Give your master bedroom a much needed focal point by saving a rustic headboard thrift store find! 

rustic headboard

Have you ever noticed that the master bedroom is the LAST room in the house to have anything done to it, or is that just in my house? We’ve made over two girls rooms – one Paris room and one zebra print – and a little guys room, and yet, in the six years we’ve lived in this house, we haven’t touched our bedroom. It’s so sad! But, today, we are finally working on a room for us!

rustic headboard-before
Worst. Photo. Ever.

Once we’d decided, there was no turning back. First to go – our gigantic bed. When it sold we were so excited because we hadn’t really realized how claustrophobic we’d both been feeling. That happens when you have to climb out the window to get out of your room because the bed blocks the door!

Well, we were excited for a short while anyway.. because after we sold the bed, we were left with a king size mattress, no headboard, and the uber ugly legs of our new metal bed frame. We needed a bed skirt, which I threw together, but more than that, we really, really needed a headboard. Like, really. At least until after I’d searched every thrift and furniture store within a 25-mile radius I just happened to come across this. You know, while casually looking.

rustic headboard - at store
I found this bad boy at the Salvation Army. It’s nearly unheard of for me to find a king size bed at a thrift store – not that it never happens, but it’s rare in my experience, especially in decent shape. But there it was! A complete frame, with headboard, footboard and rails. Not the original rails.. but rails none the less. It was entirely the wrong finish – much, much, MUCH too golden oak-ey – and one of the posts on the headboard needed some repair work, but it was hardwood, and the first thing I’d seen that would work stature wise, that was within our budget. Our bedside tables and the armoire we kept from our original suite are quite large, so the headboard or bed frame had to be large enough to hold it’s own.
rustic headboard - sanded
We brought it home, and got right to work. It had a few nicks, but we decided to largely leave the finish as-was – we were going for a bit of weathered look anyway. We did have to repair that broken post foot though, and in some ways, had to undo the poor repair work that the previous owner had attempted. Luckily, Shay is a genius at that kind of thing.  A piece of quarter-round, although not a perfect match, would work nicely as fill-in for the missing trim.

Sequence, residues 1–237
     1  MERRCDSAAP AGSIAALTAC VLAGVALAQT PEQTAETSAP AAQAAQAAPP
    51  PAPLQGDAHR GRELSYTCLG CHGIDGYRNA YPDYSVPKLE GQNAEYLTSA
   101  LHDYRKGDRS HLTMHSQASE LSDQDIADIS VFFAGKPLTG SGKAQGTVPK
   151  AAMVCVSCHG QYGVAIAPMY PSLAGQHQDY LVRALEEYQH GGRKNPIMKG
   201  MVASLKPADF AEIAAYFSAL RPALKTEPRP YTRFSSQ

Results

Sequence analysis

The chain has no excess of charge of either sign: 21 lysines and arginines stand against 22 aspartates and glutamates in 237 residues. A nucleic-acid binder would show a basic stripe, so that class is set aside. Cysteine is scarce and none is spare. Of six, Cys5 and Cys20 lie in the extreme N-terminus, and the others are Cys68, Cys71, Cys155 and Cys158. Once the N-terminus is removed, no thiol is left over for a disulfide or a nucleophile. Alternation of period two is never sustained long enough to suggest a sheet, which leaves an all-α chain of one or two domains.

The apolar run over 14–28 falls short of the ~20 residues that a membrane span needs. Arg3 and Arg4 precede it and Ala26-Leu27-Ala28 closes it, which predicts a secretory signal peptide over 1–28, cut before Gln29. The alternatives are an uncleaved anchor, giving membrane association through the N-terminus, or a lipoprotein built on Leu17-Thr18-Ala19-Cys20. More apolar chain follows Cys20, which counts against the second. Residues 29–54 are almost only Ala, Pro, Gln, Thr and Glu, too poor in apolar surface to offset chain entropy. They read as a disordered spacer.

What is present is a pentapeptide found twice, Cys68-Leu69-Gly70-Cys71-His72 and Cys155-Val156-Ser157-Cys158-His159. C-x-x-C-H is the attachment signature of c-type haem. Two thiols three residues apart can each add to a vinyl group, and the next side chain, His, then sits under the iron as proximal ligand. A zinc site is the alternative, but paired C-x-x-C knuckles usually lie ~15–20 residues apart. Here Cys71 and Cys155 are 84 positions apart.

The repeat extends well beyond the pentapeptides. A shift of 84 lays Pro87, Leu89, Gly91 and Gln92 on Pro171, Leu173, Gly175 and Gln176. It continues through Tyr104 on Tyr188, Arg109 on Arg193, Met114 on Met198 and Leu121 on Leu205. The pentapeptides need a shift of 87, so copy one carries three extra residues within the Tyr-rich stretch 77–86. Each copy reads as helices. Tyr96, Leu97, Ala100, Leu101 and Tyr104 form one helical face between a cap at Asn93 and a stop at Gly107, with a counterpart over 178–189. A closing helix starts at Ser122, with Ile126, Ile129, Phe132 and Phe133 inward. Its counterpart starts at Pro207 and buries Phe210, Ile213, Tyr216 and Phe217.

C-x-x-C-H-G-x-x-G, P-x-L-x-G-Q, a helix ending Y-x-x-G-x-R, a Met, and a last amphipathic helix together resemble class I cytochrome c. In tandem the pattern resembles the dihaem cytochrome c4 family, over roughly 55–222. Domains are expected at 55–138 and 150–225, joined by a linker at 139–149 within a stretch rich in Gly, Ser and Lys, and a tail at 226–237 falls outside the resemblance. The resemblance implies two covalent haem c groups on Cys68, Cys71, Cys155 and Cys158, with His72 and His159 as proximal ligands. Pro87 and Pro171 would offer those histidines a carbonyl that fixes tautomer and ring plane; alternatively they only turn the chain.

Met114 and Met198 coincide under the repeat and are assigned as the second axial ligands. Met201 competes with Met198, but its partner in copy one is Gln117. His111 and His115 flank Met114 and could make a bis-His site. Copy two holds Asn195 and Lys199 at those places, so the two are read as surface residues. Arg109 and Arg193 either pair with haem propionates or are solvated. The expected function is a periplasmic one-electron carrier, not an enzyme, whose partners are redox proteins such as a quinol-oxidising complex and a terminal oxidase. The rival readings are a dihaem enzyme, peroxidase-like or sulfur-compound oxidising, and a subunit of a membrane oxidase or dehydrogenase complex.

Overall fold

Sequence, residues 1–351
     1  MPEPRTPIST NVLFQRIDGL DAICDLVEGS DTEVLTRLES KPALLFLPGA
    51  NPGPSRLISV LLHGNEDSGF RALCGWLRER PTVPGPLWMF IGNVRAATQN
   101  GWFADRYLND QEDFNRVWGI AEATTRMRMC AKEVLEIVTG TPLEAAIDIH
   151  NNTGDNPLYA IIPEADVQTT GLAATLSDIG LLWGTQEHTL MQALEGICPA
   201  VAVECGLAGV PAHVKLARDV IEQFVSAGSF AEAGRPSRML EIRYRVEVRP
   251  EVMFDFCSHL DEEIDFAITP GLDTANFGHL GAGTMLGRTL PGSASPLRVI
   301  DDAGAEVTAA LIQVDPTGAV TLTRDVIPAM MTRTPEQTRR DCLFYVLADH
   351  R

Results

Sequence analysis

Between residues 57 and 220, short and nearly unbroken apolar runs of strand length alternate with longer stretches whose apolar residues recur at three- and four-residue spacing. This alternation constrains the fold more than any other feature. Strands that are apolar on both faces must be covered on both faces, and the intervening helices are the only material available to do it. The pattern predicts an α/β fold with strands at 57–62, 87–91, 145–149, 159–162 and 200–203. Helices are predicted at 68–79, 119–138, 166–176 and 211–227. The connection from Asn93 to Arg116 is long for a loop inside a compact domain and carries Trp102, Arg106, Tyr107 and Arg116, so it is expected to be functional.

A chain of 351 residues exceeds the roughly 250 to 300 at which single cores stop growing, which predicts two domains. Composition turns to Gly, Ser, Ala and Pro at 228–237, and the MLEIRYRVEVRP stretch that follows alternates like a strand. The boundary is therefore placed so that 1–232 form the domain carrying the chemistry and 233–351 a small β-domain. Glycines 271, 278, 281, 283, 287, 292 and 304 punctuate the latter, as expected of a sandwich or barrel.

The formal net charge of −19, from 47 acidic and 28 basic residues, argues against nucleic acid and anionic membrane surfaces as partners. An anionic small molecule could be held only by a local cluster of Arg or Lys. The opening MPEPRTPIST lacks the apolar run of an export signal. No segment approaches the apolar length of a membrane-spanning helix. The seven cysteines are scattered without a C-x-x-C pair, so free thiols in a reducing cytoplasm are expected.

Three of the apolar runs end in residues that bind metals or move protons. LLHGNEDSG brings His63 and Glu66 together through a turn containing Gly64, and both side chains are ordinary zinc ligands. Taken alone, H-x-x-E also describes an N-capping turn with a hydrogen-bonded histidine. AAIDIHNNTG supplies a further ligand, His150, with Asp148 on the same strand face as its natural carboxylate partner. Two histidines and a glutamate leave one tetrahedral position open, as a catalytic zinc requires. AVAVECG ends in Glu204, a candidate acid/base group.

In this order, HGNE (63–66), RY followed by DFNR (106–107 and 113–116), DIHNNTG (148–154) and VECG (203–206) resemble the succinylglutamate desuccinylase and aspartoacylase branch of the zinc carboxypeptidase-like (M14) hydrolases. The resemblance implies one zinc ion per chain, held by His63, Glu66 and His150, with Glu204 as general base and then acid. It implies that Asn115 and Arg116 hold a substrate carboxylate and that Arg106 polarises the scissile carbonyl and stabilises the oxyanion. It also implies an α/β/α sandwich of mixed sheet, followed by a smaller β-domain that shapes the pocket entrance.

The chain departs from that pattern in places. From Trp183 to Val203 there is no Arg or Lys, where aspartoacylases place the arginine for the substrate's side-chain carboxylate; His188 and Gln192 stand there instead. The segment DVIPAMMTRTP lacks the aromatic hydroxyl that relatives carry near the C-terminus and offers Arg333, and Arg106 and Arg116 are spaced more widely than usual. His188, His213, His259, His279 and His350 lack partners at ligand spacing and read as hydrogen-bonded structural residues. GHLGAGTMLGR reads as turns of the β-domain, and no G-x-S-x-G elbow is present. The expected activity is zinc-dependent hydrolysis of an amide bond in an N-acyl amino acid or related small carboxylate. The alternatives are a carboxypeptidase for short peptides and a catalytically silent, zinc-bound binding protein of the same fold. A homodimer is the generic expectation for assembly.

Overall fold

rustic headboard - broken foot
Much better photo. Badly broken foot post.

Someone had tried to repair the trim work in the past and had simply attached a piece of wood with little concern for aesthetics. We thought of removing it, but doing this was going to cause more harm than good – it was well glued.

Instead, we decided to add to it. To begin, Shay used a small handsaw to cut the corner edge of the repaired piece back a half an inch at the corner on either side of the post foot. This would allow him to create two bridge pieces that would blend the original molding with the quarter round.

rustic headboard - repairing the trim
He cut two small pieces – one end with a 90-degree angle to butt up against the original molding, and a 45-degree angle to meet at the corner. He used glue and nails to attach. Then, he cut a longer piece, with 45-degree angles at both ends, to fill the gap. Once in place, we filled any remaining seams with wood filler and we were good to go! As you can see, it’s not an exact match, but at a glance, which is all the post would get anyway, it’s more than passable.

rustic headboard - showing repair

We gave the entire headboard and footboard a thorough sanding with 300 sandpaper and followed that up with super fine steel wool. After a final clean, we used a de-glosser to remove any residue and the poly from the original finish. Then we were ready to stain – which is what I am doing right here. Don’t I look lovely? Those are my oldest yoga pants, and I wore them especially for you! And.. those socks I’m using to apply the stain are Shay’s.. but we won’t talk about that.

rustic headboard - restaining
I actually used two different colors to stain, which gave the finish more of the depth of color I was looking for. I used Minwax Jacobean and applied a second coat of Minwax Ebony. I then applied four coats of Minwax Wipe-On Poly – as an aside, can I just say I LOVED using this product? It was so easy! I had no issues with bubbling and it just went on so smoothly. I don’t think I’ll ever use a brush applied poly product again. Loved it!